On Monday, Gov Scott Walker (R) WI, announced he is running for President of the United States. He made the announcement via social media earlier in the day, and later did it in person before a cheering crowd of his supporters. It can now be said with some certainty that the next President of the United Sates is now in the race. That’s not to say it will necessarily be him, but there is no one left with a better chance to win yet to announce for either side. (Gov John Kasich of Ohio is likely to announce, but likely would not make the top ten in time for the first debate.)
From Waukesha, renamed for the day by some as “Scott Walker-sha” Wisconsin, Governor Scott Walker announced in person his candidacy. He briefly described how he was raised to love America, citing two veterans, one who served in both World Wars, and another who served in Vietnam as particular inspirations for him to pursue a career in public service.
He quickly went on to his career as Governor. He talked about how he took on the unions and won, something that made him famous among Conservatives and infamous among Progressives. He was recalled for his efforts but won and then won re-election. Democrats used every means at their disposal to unseat him and failed.
He also touted some of his other achievements that made him popular with conservatives, “Since I’ve been Governor, we passed lawsuit reform and regulatory reform. We defunded Planned Parenthood and enacted pro-life legislation. We passed Castle Doctrine and concealed carry. And we now require a photo ID to vote in the State of Wisconsin.”
He went on to mention the three planks of his campaign platform, saying: “Americans want to vote FOR something and FOR someone. So let me tell you what I’m for: I’m for Reform. Growth. Safety.”
To achieve reform, he wants to take what functions of the Federal Government he can and move them to the state and local level.
“Government that is closest to the people is usually the best. This is why we should move power and money out of Washington and send it back to our states and communities in key areas like Medicaid, transportation, workforce development and education.”
For growth, he wants a full repeal of Obamacare, and replace it with free-market reforms. He wants to roll back those federal regulations he feels are holding back the economy stating: “…we need to rein in the federal government’s out-of-control regulations that are like a wet blanket on the economy. Yes, enforce common sense rules – but don’t add more bureaucratic red tape.”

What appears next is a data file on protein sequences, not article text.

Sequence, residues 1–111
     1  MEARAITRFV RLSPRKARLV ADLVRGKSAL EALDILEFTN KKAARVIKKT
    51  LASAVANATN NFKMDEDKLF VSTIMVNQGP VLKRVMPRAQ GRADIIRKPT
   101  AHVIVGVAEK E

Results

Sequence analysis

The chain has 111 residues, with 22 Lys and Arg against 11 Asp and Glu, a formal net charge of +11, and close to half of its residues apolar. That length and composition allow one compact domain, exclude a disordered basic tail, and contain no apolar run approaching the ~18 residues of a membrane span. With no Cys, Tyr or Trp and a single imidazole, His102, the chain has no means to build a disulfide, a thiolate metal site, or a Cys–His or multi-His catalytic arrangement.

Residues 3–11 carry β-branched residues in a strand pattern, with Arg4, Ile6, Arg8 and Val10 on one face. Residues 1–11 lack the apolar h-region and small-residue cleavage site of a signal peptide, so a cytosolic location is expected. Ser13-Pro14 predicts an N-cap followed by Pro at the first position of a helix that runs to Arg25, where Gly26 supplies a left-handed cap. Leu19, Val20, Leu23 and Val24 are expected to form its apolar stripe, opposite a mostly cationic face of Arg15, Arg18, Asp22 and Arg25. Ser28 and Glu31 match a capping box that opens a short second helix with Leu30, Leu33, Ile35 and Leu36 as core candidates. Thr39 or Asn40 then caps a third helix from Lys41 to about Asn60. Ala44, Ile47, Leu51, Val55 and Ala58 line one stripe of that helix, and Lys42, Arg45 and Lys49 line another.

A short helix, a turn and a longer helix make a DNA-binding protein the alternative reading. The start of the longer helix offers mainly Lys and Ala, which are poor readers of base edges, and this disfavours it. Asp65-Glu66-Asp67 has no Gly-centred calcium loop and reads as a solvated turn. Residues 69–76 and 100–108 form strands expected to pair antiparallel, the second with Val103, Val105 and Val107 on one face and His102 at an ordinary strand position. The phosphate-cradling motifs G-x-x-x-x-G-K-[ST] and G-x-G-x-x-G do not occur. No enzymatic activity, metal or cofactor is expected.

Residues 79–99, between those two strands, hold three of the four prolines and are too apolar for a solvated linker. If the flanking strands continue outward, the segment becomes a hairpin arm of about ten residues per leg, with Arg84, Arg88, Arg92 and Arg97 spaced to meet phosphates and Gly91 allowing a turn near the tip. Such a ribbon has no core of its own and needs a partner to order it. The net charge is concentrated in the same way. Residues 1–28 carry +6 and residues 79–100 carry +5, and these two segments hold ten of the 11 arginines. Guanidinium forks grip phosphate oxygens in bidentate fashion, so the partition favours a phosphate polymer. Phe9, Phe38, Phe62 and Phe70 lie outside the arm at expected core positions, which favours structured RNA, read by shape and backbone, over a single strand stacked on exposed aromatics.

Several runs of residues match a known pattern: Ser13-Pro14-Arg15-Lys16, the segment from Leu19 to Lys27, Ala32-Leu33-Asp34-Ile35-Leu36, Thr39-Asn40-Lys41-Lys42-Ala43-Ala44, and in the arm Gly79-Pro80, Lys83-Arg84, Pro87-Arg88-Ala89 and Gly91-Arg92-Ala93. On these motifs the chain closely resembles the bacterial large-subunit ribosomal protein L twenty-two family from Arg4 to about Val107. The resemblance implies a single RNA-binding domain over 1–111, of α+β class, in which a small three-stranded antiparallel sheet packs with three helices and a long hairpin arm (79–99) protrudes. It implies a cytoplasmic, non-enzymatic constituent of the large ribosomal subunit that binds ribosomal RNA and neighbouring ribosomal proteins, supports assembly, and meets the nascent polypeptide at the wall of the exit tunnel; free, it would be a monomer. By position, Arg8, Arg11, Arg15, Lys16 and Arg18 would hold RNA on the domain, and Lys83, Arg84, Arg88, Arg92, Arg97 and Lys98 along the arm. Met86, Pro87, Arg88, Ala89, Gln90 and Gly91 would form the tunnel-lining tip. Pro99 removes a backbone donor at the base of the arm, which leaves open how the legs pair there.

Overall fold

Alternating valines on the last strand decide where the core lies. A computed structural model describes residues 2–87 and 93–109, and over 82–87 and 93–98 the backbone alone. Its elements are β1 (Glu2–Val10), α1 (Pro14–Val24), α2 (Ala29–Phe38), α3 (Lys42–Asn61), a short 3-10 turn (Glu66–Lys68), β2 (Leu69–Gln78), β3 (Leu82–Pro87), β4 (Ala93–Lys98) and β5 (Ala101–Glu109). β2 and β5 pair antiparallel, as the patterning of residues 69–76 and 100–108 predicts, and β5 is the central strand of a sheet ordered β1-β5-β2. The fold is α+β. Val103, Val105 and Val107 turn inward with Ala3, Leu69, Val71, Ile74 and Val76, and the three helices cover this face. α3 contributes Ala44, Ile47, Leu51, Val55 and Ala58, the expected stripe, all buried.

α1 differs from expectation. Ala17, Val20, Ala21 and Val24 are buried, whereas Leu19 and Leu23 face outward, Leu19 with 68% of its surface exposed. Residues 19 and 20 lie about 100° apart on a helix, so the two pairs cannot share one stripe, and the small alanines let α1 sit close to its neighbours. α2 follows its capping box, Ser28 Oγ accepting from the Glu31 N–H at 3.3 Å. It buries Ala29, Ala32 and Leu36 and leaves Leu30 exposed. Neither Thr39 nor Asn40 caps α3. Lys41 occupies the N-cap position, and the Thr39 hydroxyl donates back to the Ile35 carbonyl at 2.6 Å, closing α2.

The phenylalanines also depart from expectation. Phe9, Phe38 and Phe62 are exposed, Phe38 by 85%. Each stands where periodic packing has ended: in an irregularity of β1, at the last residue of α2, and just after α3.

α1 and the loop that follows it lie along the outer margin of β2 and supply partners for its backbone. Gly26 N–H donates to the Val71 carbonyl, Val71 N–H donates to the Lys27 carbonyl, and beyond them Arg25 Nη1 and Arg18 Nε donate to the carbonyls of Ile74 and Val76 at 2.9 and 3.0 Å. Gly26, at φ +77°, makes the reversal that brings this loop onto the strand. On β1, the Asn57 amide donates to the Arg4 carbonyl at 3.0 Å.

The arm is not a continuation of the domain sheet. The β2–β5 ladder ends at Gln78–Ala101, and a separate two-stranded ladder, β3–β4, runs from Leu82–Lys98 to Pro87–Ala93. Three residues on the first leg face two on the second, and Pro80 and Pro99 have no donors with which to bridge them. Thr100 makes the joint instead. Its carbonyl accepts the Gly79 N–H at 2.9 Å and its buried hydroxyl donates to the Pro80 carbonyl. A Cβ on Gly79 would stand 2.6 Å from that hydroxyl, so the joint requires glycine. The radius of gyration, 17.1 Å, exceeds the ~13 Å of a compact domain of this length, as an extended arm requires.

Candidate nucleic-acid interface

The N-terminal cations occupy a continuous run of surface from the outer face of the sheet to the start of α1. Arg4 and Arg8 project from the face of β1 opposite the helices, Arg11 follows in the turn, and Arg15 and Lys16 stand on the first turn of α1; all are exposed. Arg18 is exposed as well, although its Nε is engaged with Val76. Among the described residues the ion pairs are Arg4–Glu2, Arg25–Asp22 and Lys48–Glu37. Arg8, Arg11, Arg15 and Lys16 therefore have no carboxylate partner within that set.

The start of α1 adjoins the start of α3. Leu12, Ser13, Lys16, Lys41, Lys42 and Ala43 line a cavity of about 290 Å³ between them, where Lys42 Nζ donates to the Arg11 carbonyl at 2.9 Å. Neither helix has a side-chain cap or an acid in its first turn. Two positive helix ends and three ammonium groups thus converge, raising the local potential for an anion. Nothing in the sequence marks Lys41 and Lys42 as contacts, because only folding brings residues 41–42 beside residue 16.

Also with regards to growth, he repeated that call of many of his fellow Republicans to build the Keystone XL Pipeline, as part of an “all of the above” energy program. Economically, he stopped short of an outright call for a flat tax or national sales tax, but did speak of a tax policy that lowers taxes and broadens the tax base.
Moving on to what he calls “true safety” for America, he described his foreign policy, one that implied would be modeled after President Reagan’s. “During my lifetime,” he said, “the best president on national security and foreign policy was a Governor from California. Under his leadership, we rebuilt our military, stood up for our friends, stood up to our enemies and – without apology – stood for American values: this led to one of the most peaceful times in modern American history.”
He echoed his fellow Republicans’ call to stand with Israel and stand up to and halt Russian and Chinese expansionism and cyber attacks. He also called for an increase in military spending, at least to the levels called for by Secretary Gates. Governor Walker also spoke of the need to take care of our returning service members and ensure they get the medical care they need when they come home.
He mentioned immigration only indirectly, saying that the immigrants he’s spoken to did not come here to become dependent on the government, they came for the kinds of opportunity they could not get in their homelands.
Earlier in his speech, he made reference to his fellow candidates, saying some had fought for their fellow Americans, and some had won elections, but he more than the others has done both. To conclude he came back to that same point of fighting and winning as his case for being elected president. “Americans deserve a President who will fight and win for them.”
He has fought sometimes bitter fights against powerful political adversaries time after time and won in the Wisconsin, now he suggests he can fight for and win the nomination as well as the election for President of the United States. It would hard not to at least acknowledge that he has a pretty fair shot of doing both.